8 JUL – 21 AGO, 2021



4K, 13'54", MÉXICO, 2021

Director & Script: Val Lee

Producer: Jo Ying Peng

Line Producer: Elizabeth Calzado

Cinematographer: Yollotl Alvarado

Editor: Yollotl Alvarado, Val Lee

Sound Designer: Hao Luo

Sound Recording: Erick Ruíz Arellano

Costume Designer: Alberto Perera

Production Designer: Mía Ourgant

Performers: Mónica Nepote, Chantal Garduño, Cristián Mandujano, Damián Mandujano, Mauricio Carranza, Alberto Perera, Juan Manuel de la Trinidad, José Luis Mellado

Special thanks to Tang Fu Kuen, Chang Jui-tzu, Victor Costales, Eric Namour, Dario and Nicolas Namour Lira



4K, 8'40", MÉXICO, 2019

Director: Val Lee

Producer: Jo Ying Peng

Line Producer: Elizabeth Calzado

Cinematographer: Yollotl Alvarado

Sound Recording: Erick Ruíz

Camera: Assistant Hugo Sandoval

Characters: Mónica Nepote, Alberto Perera

Performers: Mauricio Carranza, Víctor Hugo García Camacho, Israel González Arreola, Marco Antonio González Nava, Carlos Eduardo Hernández Cedano, Abraham Hurtado Hernández, Uriel López Romero, José Gerardo López Sánchez, Juan José Luna Alvarado, Iván Martínez Montes de Oca, Francisco Martínez Uribe, José Luis Mellado Zamarripa, Adrián Robert Gutiérrez, Moisés Segura Ramírez, Manuel Rogelio Soriano García, Gregorio Vara Hernández, Saúl Mandujano Jurado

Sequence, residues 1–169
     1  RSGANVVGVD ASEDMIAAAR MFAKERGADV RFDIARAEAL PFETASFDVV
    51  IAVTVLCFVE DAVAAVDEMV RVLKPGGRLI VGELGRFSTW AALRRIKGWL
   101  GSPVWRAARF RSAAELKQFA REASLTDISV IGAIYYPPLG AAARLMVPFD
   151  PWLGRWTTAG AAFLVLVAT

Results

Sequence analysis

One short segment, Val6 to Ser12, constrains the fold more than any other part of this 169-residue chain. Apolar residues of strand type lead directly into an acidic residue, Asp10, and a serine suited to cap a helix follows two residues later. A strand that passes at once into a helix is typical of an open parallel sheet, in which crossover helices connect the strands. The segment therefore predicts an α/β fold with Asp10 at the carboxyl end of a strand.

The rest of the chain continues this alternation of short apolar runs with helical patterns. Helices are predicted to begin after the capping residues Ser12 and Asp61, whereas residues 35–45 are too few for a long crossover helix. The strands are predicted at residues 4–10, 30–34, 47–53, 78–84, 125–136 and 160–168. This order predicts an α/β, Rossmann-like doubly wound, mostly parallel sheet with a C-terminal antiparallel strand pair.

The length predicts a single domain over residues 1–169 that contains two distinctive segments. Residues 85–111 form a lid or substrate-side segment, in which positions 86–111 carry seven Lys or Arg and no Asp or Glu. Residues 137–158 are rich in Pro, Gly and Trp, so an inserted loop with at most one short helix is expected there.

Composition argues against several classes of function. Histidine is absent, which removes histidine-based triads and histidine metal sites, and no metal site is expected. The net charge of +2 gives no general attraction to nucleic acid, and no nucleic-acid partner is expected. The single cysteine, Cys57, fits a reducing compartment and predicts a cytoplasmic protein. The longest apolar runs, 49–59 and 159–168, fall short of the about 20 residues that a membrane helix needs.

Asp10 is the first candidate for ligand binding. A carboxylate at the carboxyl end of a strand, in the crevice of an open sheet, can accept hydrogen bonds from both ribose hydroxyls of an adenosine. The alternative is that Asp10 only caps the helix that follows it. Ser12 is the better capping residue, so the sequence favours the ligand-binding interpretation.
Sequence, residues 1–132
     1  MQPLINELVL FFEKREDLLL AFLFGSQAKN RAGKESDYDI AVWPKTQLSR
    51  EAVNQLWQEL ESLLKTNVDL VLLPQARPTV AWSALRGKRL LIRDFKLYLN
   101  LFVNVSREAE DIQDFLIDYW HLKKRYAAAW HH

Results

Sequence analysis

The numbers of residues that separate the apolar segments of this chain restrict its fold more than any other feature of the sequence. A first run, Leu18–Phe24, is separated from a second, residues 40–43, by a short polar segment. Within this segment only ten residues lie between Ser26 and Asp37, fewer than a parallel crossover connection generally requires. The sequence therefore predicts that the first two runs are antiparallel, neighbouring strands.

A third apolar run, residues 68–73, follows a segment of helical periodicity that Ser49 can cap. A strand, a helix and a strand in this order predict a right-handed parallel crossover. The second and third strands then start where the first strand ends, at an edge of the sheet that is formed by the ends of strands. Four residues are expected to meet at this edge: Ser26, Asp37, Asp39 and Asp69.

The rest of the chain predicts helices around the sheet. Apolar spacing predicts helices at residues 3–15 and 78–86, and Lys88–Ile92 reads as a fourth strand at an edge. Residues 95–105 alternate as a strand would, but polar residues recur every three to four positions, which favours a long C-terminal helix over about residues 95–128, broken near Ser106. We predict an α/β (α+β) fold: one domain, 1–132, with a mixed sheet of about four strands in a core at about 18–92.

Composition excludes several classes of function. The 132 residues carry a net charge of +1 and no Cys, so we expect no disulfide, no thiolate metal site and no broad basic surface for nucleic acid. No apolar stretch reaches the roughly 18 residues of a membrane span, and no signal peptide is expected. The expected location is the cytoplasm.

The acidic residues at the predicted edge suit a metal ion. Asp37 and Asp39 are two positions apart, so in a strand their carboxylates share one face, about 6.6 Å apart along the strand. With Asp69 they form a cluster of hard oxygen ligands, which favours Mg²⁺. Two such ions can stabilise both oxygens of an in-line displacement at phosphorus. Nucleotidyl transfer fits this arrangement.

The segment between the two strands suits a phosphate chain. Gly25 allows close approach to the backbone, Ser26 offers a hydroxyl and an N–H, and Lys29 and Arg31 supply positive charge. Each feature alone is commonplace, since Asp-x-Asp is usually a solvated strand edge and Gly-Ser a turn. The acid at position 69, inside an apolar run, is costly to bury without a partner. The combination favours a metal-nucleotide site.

Special thanks: Mauro Giaconi, Saúl Mandujano Jurado & Family, Vera Ramírez, Noé Adolfo Riande Juárez & Hush, Germán Rosales, Jesús Quijada, Estudio Tacubaya


HD, 23’59", ESTADOS UNIDOS, 2019

Director: Val Lee

Photography: Paul Shih

Performers: Vinson Fraley, Tajee Harrison

Production: Ollin Miranda, Laurie Abad

Documentation: Bruno Ruiz



I May Doze for Millions of Years is made by Taiwanese artist Val Lee. The title is taken from her latest film which was premiered alongside Buenos días mujeres and N. Three works comprise the trilogy to outline Lee’s research on contemporary violence in society, following her interest in experimental documentary. 

The history of violence culminates in this merging of victim and perpetrator, of master and slave, of freedom and violence (Topology of Violence, Byung-Chul Han).

Focusing on the sociological investigation of violence and complex political situations, Val Lee explores the psychological state of perpetrators and the theoretical context on the spatial and psychological characteristics of the total institution. The concept is associated with the thesis of the sociologist Erving Goffman, where a great number of individuals are isolated from the wider community for a considerable time, together with leading an enclosed, formally administered life.